Disney Controversies: The Guest Assistance Card as a Front-of-the-Line Pass
The article below has been re-published with permission from disneylovinspectrummom.blogspot.com.
The Guest Assistance Card (GAC) is intended for use by guests with Special Needs and can be obtained from Guest Relations at any of the Disney theme parks. The GAC is typically utilized by guests with “invisible” disabilities (such as autism spectrum disorders) and it is distributed according to the guest’s specific needs. Guests using wheelchairs or ECVs generally do not require a GAC as their mobility needs are more easily recognized by Cast Members who will automatically direct them to the wheelchair entrance and/or loading area of each attraction.
Seems like a no-brainer, right? Well, not exactly…
It seems to be a rather common misperception that the GAC is a “front of the line” pass – in fact, I read that very phrase in a recent post by a Disney blogger (who shall remain nameless). This well-intentioned person earnestly advised his readers with special needs to step right up to Guest Relations and get their Golden Ticket, as it were, so they could “go to the front of the line” at all the Disney attractions. This information is completely misleading!
Our family has utilized the GAC during at least seven visits to Walt Disney World and so I am quite familiar with it. Whenever I hear how “lucky” we are that our family can go right on all the rides without waiting I literally have to squelch the impulse to groan and roll my eyes to the heavens.
“The GAC truly is a help, but it really doesn’t get us to the front of the line,” I say patiently. “Actually it gets us to the end of the line – the FastPass or alternate entrance line.” That is because my son’s particular accommodation allows us to utilize an auxiliary entrance because of his autism/sensory issues. The auxiliary entrance may be the FastPass entrance, if there is one.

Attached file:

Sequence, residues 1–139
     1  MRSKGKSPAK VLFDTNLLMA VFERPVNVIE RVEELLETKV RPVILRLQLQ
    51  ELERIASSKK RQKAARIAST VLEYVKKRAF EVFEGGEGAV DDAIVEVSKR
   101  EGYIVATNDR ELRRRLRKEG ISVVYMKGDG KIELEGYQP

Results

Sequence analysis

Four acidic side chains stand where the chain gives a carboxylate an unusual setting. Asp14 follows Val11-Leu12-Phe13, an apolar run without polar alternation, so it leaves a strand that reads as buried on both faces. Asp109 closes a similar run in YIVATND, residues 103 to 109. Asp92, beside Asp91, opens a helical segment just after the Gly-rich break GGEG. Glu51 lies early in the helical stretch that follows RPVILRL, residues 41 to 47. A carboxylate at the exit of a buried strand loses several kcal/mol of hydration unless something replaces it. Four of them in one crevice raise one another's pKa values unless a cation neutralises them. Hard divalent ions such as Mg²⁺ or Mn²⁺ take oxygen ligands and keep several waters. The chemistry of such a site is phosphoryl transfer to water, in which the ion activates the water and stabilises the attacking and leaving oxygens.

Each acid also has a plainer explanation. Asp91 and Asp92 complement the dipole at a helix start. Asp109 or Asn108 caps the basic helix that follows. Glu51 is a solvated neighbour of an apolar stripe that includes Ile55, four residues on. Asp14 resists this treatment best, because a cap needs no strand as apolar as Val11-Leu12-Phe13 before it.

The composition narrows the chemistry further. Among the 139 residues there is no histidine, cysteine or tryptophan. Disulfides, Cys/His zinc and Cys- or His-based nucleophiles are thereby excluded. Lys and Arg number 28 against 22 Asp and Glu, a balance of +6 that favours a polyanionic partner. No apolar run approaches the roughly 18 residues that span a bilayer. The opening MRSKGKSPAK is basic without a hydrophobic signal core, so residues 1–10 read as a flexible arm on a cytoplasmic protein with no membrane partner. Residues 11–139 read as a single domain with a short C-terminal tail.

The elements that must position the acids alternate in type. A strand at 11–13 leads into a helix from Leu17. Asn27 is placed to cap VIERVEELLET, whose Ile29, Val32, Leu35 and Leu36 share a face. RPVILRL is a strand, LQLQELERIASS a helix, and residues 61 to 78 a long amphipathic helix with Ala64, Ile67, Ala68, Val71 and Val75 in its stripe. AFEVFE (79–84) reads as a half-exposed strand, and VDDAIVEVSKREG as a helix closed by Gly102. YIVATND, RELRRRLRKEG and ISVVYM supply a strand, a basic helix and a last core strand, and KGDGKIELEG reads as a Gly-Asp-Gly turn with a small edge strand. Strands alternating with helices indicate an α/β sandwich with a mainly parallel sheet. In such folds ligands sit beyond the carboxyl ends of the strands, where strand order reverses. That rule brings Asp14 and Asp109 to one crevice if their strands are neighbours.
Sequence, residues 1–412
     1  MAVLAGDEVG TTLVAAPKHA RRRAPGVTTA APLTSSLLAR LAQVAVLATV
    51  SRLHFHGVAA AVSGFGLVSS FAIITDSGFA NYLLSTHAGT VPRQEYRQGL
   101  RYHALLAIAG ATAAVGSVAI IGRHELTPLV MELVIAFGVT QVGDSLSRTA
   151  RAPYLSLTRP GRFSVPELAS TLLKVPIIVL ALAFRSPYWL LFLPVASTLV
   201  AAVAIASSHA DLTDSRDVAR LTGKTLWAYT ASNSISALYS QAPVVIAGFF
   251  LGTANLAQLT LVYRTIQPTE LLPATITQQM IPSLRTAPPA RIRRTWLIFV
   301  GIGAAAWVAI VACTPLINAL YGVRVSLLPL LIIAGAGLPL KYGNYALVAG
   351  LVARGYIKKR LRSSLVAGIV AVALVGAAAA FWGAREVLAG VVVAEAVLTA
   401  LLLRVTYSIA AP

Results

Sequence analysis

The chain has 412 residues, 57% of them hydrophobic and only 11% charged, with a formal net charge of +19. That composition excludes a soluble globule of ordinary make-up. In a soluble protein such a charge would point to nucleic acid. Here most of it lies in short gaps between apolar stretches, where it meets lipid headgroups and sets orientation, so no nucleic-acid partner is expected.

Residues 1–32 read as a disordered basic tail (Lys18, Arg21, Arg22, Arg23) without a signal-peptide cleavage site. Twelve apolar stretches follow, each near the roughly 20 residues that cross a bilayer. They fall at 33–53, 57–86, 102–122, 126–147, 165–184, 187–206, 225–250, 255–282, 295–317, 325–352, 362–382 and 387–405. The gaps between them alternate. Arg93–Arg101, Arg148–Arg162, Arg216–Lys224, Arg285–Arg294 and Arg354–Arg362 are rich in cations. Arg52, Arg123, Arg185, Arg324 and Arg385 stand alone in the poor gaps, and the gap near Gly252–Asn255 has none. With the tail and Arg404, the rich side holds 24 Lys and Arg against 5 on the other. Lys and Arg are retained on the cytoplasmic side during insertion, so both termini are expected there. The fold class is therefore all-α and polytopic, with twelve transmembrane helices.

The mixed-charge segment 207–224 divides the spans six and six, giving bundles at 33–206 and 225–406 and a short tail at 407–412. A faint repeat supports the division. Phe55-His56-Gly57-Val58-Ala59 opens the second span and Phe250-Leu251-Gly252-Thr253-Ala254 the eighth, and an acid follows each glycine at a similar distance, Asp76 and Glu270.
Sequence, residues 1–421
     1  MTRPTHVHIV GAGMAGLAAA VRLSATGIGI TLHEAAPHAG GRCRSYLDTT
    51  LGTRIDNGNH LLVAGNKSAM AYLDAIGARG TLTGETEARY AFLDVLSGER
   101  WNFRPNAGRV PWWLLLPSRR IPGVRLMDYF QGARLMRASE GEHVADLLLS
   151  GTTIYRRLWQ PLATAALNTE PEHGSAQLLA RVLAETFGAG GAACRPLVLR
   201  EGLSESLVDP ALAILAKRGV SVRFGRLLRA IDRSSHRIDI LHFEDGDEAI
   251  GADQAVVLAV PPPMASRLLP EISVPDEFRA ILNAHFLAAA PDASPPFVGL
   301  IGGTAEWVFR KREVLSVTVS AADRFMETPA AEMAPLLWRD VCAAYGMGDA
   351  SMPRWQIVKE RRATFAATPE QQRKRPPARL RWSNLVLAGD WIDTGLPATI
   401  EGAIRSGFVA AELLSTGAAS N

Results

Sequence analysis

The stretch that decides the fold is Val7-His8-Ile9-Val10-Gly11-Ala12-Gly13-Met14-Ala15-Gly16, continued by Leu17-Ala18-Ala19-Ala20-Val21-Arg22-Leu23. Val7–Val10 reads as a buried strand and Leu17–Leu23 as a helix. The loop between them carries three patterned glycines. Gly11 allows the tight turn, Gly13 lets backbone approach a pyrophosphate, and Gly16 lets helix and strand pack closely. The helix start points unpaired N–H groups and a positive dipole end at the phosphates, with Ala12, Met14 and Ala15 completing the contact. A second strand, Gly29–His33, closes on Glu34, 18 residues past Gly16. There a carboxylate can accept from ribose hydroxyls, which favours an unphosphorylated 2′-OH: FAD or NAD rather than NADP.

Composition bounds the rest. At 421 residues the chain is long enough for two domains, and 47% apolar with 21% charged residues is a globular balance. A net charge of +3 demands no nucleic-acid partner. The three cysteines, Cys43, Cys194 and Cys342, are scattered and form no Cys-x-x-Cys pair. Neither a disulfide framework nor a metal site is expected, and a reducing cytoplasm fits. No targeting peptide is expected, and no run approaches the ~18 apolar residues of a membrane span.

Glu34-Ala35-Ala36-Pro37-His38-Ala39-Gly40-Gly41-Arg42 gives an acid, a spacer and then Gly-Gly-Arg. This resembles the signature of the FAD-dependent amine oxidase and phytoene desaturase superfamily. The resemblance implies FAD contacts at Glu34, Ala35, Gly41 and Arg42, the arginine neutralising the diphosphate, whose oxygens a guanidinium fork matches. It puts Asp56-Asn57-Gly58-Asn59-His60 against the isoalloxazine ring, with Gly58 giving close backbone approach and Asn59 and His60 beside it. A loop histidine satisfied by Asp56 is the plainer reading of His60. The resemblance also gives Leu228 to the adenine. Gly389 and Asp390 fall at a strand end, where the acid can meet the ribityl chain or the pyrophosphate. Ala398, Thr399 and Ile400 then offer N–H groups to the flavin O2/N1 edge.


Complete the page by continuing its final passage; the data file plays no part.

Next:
But, according to PassPorter’s Open Mouse for Walt Disney World and the Disney Cruise Line, the GAC can be issued to guests who require a variety of accommodations:
*Using an auxiliary entrance if you cannot wait in line due to health problems, cognitive disabilities, autism ADHD, and related fears. You’ll still likely wait — possibly even longer than if you’d waited in the queue – you’ll just wait in a different location.
*Waiting in a shaded spot out of the sun if the attraction’s queue has you standing in the sun for an excessive amount of time.
*Using your stroller as a wheelchair in queues and through the same auxiliary entrances that wheelchairs and ECVs are allowed to use.
* Sitting up front at shows if you have visual impairments.
It can be stressful enough planning a trip to Walt Disney World with a family member who has a disability without the added worry that you are being put in the position of asking for special (read: unfair) treatment and will be perceived by others as doing so. The GAC offers reasonable accommodations to people with invisible disabilities and their families so that they can enjoy Disney to the fullest, despite their specific challenges.
I recall having only one negative experience using the GAC at Walt Disney World. Once, while we were being admitted to the FastPass queue after presenting our GAC to the Cast Member a man waiting in the standby queue loudly sneered, “Must be nice!” My husband turned, walked up to him and handed him our GAC.
“Here, Buddy,” he said, “I’ll make you a deal. You can have this card if your son could be autistic for the day and my son could be normal. Then I’ll stand on the longest line Disney’s got and like it.” The guy shut up, quick.
End of controversy!
Thanks Kathy for letting us re-publish this article on our site. To view the original post and learn more about Kathy, click here.